Edit ModuleShow Tags

At Work With...




JUST FIVE YEARS AGO, Tami Door and her husband, who were living in Michigan, decided it was time to move. They considered cities all over the world.

JUST FIVE YEARS AGO, Tami Door and her husband, who were living in Michigan, decided it was time to move. They considered cities all over the world.

“We narrowed it down and decided that Denver was where we wanted to live,” she says. A short while later, Door, who had been Executive Vice-President of the Detroit Regional Chamber, got a call from a recruiter about a job with Downtown Denver Partnership. It was meant to be.

Fast-forward five years. Denver is evolving quickly, and Door is the keeper of the vision for the privately funded, nonprofit business organization that works to make Denver a strong urban center. And strong it is: the city has been in the national spotlight for its strides to put pedestrians first—one of the goals Door is most passionate about—and for its rich history of long-term planning and follow-through. (Door serves on the board for an association of downtown groups from across the globe. She boasts that the Downtown Denver Partnership is a benchmark among city organizations. “Lots of visitors come to learn how we do things downtown.”)

Much of that success is due to the attractions and infrastructure that the city created over the last couple of decades, Door says. “We built the stadium and the convention center; the 16th Street Mall anchors a great regional transit system. The building blocks are there.”

Now Door and her team are tearing into the “2027 Plan,” the city's new Downtown Area Plan. The new framework is a collaboration among Downtown Denver Partnership, the City and County of Denver and about 2,000 people from the public and private sectors.



The plan addresses seven transformative projects that encompass the “1,000 little things to be done that will help thread the tapestry of downtown together,” Door says—from “rejuvenating the Civic Center” to “building on transit” and “creating grand boulevards.”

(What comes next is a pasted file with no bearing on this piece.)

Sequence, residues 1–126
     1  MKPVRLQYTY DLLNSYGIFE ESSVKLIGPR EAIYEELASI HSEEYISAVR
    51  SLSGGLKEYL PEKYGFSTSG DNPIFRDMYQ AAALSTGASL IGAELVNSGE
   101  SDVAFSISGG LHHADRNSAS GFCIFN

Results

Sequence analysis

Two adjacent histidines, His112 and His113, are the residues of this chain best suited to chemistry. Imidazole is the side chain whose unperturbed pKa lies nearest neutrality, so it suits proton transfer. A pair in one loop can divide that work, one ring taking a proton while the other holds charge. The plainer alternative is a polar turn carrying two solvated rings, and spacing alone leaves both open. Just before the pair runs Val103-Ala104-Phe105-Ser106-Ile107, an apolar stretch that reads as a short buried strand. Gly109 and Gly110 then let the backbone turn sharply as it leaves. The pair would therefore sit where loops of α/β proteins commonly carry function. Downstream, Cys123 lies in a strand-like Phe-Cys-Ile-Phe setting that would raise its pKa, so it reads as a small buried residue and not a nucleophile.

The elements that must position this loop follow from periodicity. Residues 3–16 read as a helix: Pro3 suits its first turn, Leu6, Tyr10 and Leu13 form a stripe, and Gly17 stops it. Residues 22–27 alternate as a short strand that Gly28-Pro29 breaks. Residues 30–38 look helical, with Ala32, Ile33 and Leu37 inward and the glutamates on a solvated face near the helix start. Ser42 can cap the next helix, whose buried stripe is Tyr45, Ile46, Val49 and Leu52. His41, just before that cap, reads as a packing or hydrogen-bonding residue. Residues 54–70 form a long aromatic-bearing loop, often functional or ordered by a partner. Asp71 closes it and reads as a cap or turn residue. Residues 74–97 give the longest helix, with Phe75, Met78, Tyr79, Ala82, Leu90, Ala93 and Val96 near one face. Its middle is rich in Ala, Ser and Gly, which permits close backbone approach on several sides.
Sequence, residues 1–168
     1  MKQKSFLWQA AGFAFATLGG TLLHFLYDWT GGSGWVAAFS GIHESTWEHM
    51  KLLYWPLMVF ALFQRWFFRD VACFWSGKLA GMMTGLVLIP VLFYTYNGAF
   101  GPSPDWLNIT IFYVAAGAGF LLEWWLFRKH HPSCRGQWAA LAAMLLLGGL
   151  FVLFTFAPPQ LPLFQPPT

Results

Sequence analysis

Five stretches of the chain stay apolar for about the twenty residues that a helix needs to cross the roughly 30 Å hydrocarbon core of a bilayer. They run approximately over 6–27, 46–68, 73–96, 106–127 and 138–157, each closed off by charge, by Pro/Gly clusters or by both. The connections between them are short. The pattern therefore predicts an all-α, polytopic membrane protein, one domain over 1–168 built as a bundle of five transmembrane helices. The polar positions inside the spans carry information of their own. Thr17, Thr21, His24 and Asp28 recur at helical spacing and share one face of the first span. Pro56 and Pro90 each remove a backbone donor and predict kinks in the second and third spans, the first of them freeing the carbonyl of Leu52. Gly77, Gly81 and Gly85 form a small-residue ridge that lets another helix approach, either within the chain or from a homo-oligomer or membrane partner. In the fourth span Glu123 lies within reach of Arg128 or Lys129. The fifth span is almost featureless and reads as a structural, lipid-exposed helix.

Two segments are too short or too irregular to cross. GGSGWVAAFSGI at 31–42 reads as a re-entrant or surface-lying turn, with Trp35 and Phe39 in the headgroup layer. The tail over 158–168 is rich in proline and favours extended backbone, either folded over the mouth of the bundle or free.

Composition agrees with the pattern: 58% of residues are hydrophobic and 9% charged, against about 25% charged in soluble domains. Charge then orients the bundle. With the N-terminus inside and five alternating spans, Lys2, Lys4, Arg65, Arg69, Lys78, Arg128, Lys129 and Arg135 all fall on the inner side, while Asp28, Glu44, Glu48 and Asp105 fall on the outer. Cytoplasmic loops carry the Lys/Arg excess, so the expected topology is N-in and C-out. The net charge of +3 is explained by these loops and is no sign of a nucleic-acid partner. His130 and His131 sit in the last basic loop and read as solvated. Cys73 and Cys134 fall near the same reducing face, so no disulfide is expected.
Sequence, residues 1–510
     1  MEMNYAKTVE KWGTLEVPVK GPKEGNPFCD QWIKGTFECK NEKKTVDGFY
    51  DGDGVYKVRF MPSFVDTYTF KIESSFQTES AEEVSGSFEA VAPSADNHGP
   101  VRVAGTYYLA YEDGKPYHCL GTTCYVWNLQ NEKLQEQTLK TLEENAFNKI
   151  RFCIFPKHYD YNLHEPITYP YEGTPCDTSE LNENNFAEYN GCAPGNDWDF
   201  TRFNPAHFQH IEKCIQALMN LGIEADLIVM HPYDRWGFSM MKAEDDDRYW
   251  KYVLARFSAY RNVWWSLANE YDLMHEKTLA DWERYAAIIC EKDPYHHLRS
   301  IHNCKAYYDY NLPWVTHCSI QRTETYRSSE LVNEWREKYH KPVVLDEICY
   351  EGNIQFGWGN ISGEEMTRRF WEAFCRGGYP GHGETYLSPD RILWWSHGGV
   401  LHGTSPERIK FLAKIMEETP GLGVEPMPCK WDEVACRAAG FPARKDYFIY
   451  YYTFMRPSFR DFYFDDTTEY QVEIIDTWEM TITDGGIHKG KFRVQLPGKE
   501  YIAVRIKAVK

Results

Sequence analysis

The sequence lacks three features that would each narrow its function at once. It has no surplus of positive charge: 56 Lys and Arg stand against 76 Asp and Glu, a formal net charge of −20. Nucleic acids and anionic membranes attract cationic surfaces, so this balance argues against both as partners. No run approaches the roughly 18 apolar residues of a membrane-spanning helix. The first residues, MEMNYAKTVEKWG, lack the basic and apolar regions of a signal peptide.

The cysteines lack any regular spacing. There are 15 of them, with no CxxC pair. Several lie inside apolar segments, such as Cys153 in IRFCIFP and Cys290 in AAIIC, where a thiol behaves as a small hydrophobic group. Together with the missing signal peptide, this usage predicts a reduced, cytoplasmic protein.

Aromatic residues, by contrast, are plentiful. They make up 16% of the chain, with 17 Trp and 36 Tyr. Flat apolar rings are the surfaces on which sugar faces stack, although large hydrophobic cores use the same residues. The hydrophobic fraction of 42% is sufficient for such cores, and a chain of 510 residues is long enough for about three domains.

Starting in November, you'll see the first of those “little things” start to happen, when the city starts transforming 14th Street into a premier gateway-street through downtown. New lighting and landscape elements will freshen up the street and create a pedestrian-friendly feel. “Right now there's a lot of great venues ,” Door says, “but not a lot of foot traffic, and so this will provide a platform to create more activity in the pedestrian realm.”

Also stay tuned for revitalization of the 16th Street Mall, the growth of a new neighborhood in the blocks surrounding downtown's Arapahoe Square, a new circulator-bus on 18th street (similar to the 16th Street Mall Ride); and a stronger pedestrian connection between downtown and the Auraria campus. And the city will only continue to become greener and more walkable.

“I'm incredibly passionate about this plan,” Door says, “because it is a clear roadmap for where we're trying to go, but it allows flexibility for us to leverage opportunities or address challenges along the way. That is important for a plan that we're going to be working on for the next two decades.”

One of those challenges—or opportunities, as Door sees it—will be capturing the influx of people relocating to urban centers in coming years, and providing new jobs for them. “We need to continue growing our position as a city that is active seven days a week and that creates a lifestyle that attracts workers and companies.”

In the meantime, Door counts herself “incredibly fortunate” to be living in Denver. You might run into her on the 16th Street Mall (one of her favorite downtown gems) or find her in an après-work meeting at a downtown restaurant. Though her job is focused on place, it revolves around people. “The type of work  we do is successful because we engage a wide variety of organizations and individuals from throughout the community,” she says.

If you're new to town, or just want to fall in love with Denver all over again, catch a glimpse of the city through Door's eyes: “I recommend that when people come to downtown they go to the Museum of Contemporary Art and catch the view from the rooftop, or to the Peaks Lounge at the Hyatt, which is wonderful right when the lights in the city are beginning to come on against the sunset.”

Get more content like this: Subscribe to the magazine | Sign up for our Free e-newsletter

Edit Module

Add your comment:
Edit ModuleShow Tags
Edit ModuleShow Tags